Haworthia Obtusa

Haworthia Obtusa Image

This plant is one of the many morphological presentations of Haworthia Cymbiformis. It is a rosette-forming plant whose rosettes are dense and clump-forming. Its leaves have a molded grass appearance and are light green. It is a native of Fort Beaufort, Eastern Cape, South Africa.

Scientific Name:Haworthia Obtusa.
Other Names:Haworthia Cymbiformis Obtusa
Growth Season:Fall, winter, and spring
Preferred Temperature:It does best in temperatures between 20 and 32oC (68-90oF).
Hardiness Zone:USDA Zone 9-11
Average Mature Height & Width:It rises to about 10 cm long with a similar diameter.
Dormancy:The plant is dormant during the hottest summer months.
Toxicity:It is not toxic to pets and humans. The majority will only happen if one ingests it.
Haworthia Obtusa Sumamry

Haworthia Obtusa Physical Characteristics

This plant has a dense mat-forming habit primarily owed to its prolific offsetting. The leaves are thick and partially sink underground. The leaf edges are finger-tip. When they protrude from the ground, fingers appear to be sticking out of the substrate. It is stemless and has a shallow root system.

Unlike many others in the genus, its leaves have perfectly pristine margins. Also, the foliage is extremely succulent. Haworthia Obtusa’s flowers are much less visible than the leaves. They are white with greenish veins across.

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Haworthia Obtusa Care

It is a fast-growing, prolifically offsetting plant. It can use water from one drink for a long time as a succulent before requiring another. Allow the soil to dry out before watering again.

Keep it under indirect sunlight because it grows under a similar environment in the wild because there is usually a canopy of bushes above it. Adequate lighting is essential for its survival and quality. Also, poor may affect the color of the foliage. Also, note that it is susceptible to scorching when the sun’s rays are too intense.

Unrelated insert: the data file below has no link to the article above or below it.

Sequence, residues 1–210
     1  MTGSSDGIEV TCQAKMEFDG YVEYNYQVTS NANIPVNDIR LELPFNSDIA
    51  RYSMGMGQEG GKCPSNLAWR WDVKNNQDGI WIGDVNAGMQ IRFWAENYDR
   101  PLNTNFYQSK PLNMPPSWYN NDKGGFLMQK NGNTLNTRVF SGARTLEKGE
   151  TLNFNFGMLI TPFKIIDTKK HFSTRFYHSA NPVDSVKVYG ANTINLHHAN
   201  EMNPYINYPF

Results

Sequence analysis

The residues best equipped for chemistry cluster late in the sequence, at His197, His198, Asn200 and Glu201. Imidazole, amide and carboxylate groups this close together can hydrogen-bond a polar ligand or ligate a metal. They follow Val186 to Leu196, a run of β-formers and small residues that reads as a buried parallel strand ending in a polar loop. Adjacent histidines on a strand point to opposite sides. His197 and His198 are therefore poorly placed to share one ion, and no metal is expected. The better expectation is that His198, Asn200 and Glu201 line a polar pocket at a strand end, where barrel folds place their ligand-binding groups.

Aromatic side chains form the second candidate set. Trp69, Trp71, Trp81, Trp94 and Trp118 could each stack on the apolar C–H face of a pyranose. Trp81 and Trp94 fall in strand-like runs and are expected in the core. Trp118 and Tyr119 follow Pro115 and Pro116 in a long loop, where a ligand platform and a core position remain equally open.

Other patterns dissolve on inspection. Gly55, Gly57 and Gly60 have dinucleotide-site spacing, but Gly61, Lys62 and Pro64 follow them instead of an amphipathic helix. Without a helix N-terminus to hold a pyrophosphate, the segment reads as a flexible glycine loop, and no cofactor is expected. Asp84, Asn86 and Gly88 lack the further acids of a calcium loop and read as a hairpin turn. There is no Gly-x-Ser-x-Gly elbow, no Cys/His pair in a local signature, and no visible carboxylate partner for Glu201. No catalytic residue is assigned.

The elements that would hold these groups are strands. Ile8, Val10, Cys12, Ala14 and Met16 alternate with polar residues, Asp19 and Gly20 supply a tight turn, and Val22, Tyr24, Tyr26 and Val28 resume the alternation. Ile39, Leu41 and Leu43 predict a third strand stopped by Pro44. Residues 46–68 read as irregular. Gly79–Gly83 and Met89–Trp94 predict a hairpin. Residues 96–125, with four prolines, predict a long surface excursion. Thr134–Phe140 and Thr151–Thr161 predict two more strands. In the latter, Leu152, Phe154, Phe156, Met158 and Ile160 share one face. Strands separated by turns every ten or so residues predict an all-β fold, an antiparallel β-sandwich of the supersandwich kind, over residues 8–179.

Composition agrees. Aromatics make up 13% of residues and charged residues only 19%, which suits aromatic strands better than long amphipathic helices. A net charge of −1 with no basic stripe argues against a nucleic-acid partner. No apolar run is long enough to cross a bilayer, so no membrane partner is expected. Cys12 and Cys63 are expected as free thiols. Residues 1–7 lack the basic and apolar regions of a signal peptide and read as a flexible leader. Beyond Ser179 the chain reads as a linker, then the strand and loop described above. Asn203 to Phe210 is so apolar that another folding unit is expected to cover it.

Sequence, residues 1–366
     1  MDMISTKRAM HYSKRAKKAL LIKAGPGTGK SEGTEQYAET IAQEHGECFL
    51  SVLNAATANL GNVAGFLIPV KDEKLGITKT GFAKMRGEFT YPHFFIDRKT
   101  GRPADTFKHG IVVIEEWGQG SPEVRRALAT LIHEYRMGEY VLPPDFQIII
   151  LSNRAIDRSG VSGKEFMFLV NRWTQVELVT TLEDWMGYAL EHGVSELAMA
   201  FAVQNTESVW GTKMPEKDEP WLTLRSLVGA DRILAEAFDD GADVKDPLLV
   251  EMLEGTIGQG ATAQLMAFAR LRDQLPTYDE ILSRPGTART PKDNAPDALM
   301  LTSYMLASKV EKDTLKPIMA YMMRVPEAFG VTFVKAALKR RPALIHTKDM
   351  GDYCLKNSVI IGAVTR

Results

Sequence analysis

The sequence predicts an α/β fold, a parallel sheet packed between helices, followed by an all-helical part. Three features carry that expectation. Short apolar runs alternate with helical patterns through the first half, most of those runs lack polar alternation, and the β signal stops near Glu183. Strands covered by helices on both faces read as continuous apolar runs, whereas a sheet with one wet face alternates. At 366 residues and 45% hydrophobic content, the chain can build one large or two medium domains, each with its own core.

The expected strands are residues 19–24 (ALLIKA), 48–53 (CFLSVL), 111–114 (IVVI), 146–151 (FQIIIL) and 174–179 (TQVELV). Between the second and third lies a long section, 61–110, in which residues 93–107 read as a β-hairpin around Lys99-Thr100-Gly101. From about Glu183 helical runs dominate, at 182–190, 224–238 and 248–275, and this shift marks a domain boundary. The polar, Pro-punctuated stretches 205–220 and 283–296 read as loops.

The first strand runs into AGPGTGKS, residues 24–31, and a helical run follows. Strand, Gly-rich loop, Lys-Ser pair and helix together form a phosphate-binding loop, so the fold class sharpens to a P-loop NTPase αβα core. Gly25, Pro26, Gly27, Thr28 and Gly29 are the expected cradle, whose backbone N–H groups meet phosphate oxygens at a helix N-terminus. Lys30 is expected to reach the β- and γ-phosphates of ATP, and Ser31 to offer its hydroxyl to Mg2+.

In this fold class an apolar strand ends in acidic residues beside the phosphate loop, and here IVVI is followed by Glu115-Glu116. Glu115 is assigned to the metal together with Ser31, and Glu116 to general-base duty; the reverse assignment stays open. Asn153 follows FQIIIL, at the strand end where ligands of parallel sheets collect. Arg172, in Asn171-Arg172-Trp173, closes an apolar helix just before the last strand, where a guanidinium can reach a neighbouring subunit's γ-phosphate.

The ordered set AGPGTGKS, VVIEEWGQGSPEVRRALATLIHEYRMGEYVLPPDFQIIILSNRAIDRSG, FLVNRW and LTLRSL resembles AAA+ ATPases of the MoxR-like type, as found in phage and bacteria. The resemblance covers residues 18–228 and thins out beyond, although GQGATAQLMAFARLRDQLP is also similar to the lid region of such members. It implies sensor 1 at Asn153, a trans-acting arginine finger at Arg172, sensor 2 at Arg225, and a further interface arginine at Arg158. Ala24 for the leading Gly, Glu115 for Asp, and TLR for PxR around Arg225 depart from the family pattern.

You can give it some fertilizer once the growing season. The fertilizer should be a slow-release, general-purpose fertilizer. Avoid feeding the plant too much nitrogen because it makes succulent leaves too watery and soggy. While adequately used, the fertilizer enhances the plant’s foliage, flowers, and general health.

The substrate in which you grow the plant should be very well drained but moisture retentive. It prevents water logging and therefore saves your plant from root rot.  A 50:50 mix between loamy soil and gravel will work. However, you can buy a commercial cactus mix to grow it in.

DO YOU KNOW? Caring (propagating, pruning/trimming, beheading, watering, …) is a set of skills that is widely applicable to succulents. Read the in-depth guide here >>

Richard Miller – Succulent City

Haworthia Obtusa Growth

This plant offsets freely. Therefore, you can propagate it using offsets, leaf cuttings, or seeds. Offsets are the best propagation method, and you may never have to use other options because the offsets are so readily available.  Leaf cuttings take a little longer to get established as a plant.

It usually doesn’t need pruning except when looking for a leaf cutting to propagate. Repotting is also rare because it is small and slow-growing. The main way to get the plant sick is by overwatering. Mealybugs, scale insects, and root insects are the primary pests.

Before you leave …

You can see all plants from the Haworthia genus on Succulent City on this page. Or the previous/next plant:

Succulent City chief editor


Succulent City

Hey everyone! Welcome to Succulent City! We are all about succulents, cacti, and a bit about air plants. Ten years back, in 2013, we began the journey with succulents. It started as a simple hobby, crafting and selling charming succulent-themed pins and decorations. But as time passed, our fascination with these remarkable plants grew, and we gained extensive knowledge about them. Therefore, Succulent City is the blog as you see it is now. Enjoy your visit and happly planting!

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Posted in Succulents